US House passes short-term budget bill, but federal shutdown looms
19 January 2018
The Republican-controlled House of Representatives approved a short-term budget authorization bill Thursday night, but its prospects seemed dim in the US Senate, with less than 24 hours remaining before a partial shutdown of the federal government at 12:01 a.m. Saturday morning.
The budget bill, called a “continuing resolution,” authorizes federal agencies to continue spending money for an additional four weeks, through February 16. In an effort to attract Democratic support, the bill includes a provision extending spending authorization for the Children’s Health Insurance Program (CHIP) for an additional six years. A previous continuing resolution, adopted last September with overwhelming bipartisan support, allowed CHIP authorization to expire.
The maneuver failed, as the continuing resolution passed on a near party-line vote of 230-197. Only six Democrats supported the bill, mostly those in districts with large numbers of federal government workers who now face the prospect of payless paydays. Only 11 Republicans opposed the bill, mainly members of the extreme-right Freedom Caucus who want more spending on the military and less on domestic social programs.
The continuing resolution also delays several taxes that are part of the Obama-era Affordable Care Act, including the so-called Cadillac Tax on supposedly overly-generous health benefits, which affects workers covered under an array of union contracts, as well as a tax on medical device manufacturers and another on insurance companies.
The House Republican leadership was able to buy off the opposition of most members of the Freedom Caucus with promises that a right-wing immigration bill will be brought to a vote if it has majority support in the House, and that there will be a vote within 10 days to increase military spending by billions of dollars. Once this deal was made, the majority of the Freedom Caucus agreed to back the continuing resolution.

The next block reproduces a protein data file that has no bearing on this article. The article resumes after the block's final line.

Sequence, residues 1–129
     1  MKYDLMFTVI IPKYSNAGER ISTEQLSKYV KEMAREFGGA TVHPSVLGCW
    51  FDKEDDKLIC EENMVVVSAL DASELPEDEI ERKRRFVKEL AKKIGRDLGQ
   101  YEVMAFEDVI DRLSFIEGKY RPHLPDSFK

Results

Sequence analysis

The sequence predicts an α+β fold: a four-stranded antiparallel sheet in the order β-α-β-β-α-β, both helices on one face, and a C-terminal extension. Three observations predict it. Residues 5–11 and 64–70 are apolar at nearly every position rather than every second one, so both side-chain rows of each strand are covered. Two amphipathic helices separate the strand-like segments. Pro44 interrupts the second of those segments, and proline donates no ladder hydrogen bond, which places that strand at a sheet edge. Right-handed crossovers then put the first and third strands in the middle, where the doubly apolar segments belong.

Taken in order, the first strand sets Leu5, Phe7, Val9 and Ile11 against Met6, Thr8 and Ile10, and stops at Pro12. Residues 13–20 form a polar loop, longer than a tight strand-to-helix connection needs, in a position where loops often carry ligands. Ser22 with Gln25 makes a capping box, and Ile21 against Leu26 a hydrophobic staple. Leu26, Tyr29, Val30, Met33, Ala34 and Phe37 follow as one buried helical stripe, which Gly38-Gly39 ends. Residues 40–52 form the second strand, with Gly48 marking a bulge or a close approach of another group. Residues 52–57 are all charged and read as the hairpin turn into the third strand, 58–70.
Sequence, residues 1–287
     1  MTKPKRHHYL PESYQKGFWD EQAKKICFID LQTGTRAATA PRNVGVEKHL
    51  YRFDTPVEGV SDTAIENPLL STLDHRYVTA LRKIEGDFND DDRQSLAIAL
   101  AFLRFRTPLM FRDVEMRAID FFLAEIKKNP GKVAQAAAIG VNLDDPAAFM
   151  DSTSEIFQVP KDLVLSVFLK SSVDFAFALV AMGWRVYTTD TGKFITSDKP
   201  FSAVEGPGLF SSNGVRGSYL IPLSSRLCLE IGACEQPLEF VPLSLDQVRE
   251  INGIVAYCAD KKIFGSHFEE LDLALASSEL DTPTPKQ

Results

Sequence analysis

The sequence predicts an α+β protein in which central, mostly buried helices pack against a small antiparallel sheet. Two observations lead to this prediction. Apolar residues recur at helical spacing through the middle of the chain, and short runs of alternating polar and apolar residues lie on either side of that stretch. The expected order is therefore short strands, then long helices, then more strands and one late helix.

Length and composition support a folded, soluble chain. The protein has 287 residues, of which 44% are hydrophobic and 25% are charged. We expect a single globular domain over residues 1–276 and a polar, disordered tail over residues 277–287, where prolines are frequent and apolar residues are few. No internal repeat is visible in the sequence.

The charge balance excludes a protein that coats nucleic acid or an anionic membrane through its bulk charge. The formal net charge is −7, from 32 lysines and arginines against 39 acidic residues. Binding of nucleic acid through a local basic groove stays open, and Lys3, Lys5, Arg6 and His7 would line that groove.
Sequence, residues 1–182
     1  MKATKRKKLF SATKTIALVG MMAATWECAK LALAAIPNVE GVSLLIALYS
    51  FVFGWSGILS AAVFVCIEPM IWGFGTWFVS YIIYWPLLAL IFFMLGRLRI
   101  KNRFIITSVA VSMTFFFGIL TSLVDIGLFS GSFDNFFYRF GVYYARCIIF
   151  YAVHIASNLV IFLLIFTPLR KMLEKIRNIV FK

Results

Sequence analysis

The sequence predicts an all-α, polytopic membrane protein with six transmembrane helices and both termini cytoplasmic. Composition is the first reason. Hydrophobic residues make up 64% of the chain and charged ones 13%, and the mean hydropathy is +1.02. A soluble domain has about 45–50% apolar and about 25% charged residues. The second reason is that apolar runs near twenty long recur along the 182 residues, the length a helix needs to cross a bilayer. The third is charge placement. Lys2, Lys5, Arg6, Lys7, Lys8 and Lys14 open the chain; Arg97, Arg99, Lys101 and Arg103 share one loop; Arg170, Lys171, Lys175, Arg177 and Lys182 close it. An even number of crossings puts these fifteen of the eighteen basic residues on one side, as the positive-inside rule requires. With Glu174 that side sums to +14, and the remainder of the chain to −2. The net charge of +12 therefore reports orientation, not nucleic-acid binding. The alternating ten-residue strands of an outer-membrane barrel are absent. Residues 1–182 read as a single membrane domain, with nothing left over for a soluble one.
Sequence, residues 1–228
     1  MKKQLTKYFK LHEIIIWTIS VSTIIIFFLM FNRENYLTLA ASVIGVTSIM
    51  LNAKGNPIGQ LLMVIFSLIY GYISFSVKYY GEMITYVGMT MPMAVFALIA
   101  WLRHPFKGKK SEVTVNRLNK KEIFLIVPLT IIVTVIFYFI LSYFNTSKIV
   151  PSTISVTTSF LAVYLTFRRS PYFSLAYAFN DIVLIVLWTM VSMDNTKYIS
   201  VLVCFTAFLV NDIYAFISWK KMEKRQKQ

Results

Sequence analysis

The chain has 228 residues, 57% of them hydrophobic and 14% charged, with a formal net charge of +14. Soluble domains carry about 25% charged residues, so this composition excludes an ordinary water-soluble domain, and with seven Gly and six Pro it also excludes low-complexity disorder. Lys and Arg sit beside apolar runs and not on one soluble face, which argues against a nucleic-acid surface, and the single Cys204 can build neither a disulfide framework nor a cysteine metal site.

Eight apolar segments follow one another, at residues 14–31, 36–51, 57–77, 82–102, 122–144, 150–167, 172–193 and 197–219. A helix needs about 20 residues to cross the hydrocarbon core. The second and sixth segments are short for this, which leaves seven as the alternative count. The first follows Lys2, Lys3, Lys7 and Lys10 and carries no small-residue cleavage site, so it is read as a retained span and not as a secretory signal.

The vast majority of House Democrats claimed to oppose the continuing resolution because it says nothing about the status of so-called “Dreamers,” the young undocumented immigrants brought to the United States as children. Some 800,000 young immigrants face the expiration on March 5 of protection, under the Deferred Action for Childhood Arrivals (DACA) program, against deportation.
In a letter to the White House, 171 of the 193 Democrats in the House claimed they would not vote for a continuing resolution unless it incorporated a deal on immigration, which would include a raft of reactionary and repressive measures, including funding for Trump’s wall on the US-Mexico border, a huge boost in spending on Border Patrol and Immigration and Customs Enforcement agents, and restrictions on legal immigration, in return for a limited legalization of DACA recipients.